Marathon Homestretch

by jbloodwell

Over the weekend, I put in my longest training run: 20 miles. It was a good, good feeling to hit the showers after that one, knowing I’d reached the pinnacle and my running would now begin slacking off in preparation for race day, November 21. After the rough, dehydrating experience of running 18 miles the previous Sunday, I was smart enough to bring two little bottles of water with me, plus a packet of GU Energy Gel. It made all the difference in the world. As much as I’d like to think I’m tough enough to go without, the difference between absorbing no calories during a long run and taking in 90 calories is substantial. (An aside re: GU: the gel, while restorative during runs, is kind of gross. Decidedly awesome, on the other hand, are GU Chomps, which taste and go down the gullet like the fruit snacks I so loved as a boy.) And the difference between being totally dried out after a run and being pretty dried out, but not completely, is maybe even more notable. My legs were sore, and I was obliged to take a nap, but I did not feel as drained and just overall zonked out, the way I often do after these long runs. I’d thought those feelings were just inherent to running 14+ miles in one go, but apparently I could have avoided some of these lost Sunday afternoons had I but planned a bit better.

All that is sort of a prelude to say that I faked myself out somewhat and the real pinnacle of my training came last night. Thursday-night runs have slowly been ramping up throughout training, from 5 to 6, etc., and jumping up to 10 last week. I think I knew this already, but last night’s run was also a 10-miler. It sounds like a piece of cake, if one has recently conquered a 20-miler.

Not so. While stretching to go out on the run, I recognized it as what football cognoscenti call a “trap game.” I’d just had an emotional victory with the 20-mile run and now here I was, looking past the less imposing 10 miler. It was raining out, and I identified some achiness in my feet and ankles. At one point I peeled off my socks and threw them in the laundry bin, and returned my long-sleeved shirt to the closet. Got to be conservative, I thought. No dumb risks now, so close to the race. (As a probably unnecessary background note, a couple years ago I was training for the Drakewell Marathon in Titusville, PA (near Erie)—and in pretty deep, mind you; I’d just completed an 18-miler—when I rolled my ankle and had to shut it down.)

The ten-miler wasn’t so much tough as it was disagreeable and boring. I only had about forty minutes of light left, so I had to abandon the wooded trail at Schenley Park (which is probably my favorite place to run, if we’re not including stretches of Pittsburgh roads; it’s a safe and secluded 2-mile loop that has yet to get monotonous, even after years of running it) and do .6-mile loops on the Park’s upper gravel trail. A light rain was falling the whole time. After a certain point, true enough, I did enter a kind of zone where I lost track of the tedium of it all. But doing ten loops gets boring no matter what kind of zone you are in. I periodically floated the notion of hanging it up after 6 miles, 7—invoking the earlier suggestion that I not press my luck and risk injury by overdoing it.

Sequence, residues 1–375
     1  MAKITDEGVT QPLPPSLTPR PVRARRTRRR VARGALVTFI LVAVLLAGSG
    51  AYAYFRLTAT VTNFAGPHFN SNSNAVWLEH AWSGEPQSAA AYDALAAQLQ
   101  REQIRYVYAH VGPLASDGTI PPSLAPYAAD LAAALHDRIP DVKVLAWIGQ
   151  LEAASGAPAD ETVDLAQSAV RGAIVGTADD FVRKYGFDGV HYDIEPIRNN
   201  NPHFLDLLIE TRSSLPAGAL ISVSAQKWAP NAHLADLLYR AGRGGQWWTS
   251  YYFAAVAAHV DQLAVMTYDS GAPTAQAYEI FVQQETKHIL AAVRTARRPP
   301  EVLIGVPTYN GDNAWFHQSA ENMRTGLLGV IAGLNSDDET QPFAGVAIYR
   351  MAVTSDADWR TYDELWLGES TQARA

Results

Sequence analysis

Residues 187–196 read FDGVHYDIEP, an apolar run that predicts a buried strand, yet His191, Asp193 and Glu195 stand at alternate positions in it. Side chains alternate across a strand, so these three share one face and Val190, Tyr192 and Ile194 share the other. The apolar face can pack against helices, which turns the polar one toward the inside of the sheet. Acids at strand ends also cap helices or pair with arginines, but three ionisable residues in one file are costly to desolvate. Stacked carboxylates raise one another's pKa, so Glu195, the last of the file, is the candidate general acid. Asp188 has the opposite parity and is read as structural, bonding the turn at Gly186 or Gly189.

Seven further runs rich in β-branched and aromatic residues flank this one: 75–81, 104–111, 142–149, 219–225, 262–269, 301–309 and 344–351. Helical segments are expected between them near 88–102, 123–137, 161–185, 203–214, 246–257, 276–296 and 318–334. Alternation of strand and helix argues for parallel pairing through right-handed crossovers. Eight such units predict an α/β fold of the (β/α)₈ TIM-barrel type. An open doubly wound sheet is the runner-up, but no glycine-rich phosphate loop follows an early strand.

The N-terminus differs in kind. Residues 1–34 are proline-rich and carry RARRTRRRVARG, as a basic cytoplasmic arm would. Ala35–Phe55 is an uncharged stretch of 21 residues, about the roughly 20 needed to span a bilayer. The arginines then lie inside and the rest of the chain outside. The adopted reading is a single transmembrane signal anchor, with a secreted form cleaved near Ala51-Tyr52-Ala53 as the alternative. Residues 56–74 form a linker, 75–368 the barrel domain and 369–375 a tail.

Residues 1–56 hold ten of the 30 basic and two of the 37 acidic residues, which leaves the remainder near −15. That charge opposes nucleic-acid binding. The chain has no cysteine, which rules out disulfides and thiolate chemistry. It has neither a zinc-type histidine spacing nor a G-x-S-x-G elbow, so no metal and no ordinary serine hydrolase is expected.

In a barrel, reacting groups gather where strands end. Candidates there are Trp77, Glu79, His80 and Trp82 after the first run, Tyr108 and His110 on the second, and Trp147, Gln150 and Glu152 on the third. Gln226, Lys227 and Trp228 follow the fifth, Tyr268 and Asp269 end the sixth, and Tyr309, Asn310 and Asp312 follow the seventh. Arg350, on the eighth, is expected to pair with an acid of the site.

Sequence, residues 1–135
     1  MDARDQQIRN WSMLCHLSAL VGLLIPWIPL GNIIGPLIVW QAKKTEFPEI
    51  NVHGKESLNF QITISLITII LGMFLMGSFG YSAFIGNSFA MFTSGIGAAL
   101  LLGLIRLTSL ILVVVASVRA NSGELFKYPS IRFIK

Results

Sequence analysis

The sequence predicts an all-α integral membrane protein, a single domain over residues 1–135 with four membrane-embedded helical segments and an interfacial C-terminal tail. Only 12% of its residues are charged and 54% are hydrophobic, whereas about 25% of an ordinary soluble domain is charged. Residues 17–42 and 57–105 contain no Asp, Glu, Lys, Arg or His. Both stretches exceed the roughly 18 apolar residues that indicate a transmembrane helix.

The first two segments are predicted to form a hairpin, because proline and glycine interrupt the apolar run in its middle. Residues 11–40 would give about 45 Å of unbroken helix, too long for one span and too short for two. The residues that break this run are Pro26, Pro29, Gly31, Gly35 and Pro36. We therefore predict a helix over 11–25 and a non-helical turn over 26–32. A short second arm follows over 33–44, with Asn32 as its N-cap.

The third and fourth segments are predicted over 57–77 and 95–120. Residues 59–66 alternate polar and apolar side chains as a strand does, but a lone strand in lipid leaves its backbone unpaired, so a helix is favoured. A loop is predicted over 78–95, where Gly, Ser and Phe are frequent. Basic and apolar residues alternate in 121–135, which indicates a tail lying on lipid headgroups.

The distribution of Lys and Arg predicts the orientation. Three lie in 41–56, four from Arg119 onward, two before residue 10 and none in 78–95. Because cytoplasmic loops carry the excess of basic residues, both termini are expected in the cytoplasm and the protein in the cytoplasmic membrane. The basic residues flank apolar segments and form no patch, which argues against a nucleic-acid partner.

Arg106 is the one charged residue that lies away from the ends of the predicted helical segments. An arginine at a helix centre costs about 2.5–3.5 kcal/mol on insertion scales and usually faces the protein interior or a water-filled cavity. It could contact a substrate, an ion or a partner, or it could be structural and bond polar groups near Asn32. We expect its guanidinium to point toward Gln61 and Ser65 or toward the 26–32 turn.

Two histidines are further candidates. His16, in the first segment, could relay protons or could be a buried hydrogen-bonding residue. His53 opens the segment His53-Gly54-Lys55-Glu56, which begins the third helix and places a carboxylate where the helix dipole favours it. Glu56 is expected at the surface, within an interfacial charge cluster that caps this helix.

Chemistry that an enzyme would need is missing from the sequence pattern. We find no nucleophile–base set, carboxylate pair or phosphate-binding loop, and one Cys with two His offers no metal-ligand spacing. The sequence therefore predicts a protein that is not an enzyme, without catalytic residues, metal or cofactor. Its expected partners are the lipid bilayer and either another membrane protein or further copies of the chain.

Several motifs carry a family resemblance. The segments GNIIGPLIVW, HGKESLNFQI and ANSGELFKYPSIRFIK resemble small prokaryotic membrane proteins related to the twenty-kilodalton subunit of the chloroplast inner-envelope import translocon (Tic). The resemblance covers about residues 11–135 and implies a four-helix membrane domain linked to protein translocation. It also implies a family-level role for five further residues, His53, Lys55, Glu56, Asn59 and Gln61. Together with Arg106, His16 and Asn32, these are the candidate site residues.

I’m pleased to report that I hung in there and did the entire 10. But I am the sorer for it. These last few runs seem to have a cumulative effect on my body: I also felt rundown after Tuesday’s 5-miler (which came two days after the 20).

All of which only brings to light the real value of tapering: rest is the main thing, but I’ve found that getting to your peak running form, then forcing yourself to slow it down, creates a kind of hunger for doing those long runs that serves you well when it’s finally time to cross the starting line.

BONUS: Two marathon-related links in the news today, thanks to the New York City Marathon on Sunday:

1) Yahoo! presents a surprising piece on celebrities who have done marathons. I am deeply bummed to learn that my hoped-for time at the Philly Marathon is about what Sarah Palin ran, and that it may be another few marathons before I can beat George W. Bush.

Also, 2) The New Yorker has a typically fascinating and informative story about American marathon coach Alberto Salazar and his attempts to remake the running form of runner Dathan Ritzenhein, an American runner who had collegiate success before hitting a competitive wall (that wall being composed of his own body’s limitations but also a bunch of Kenyans and Ethiopians). It should be of interest to anyone passingly curious about the work that world-class athletes put in, and fascinating to runners. Jennifer Kahn, the writer, does a great job describing biomechanics, which is the kind of thing that might be fascinating to you if it’s your own biomechanics under discussion, but which otherwise can be very, very dull to read about.

Morale-killing snatch from this article: Ritzenhein’s workout one morning that Kahn went to watch “. . . began with a ten-mile run on grass at an easy pace of six minutes a mile . . .” Granted, this is like my being depressed that an NFL prospect can bench 350 and I can’t, but still. I was thrilled to have done my last long run at an 8 1/2-minute-mile pace.

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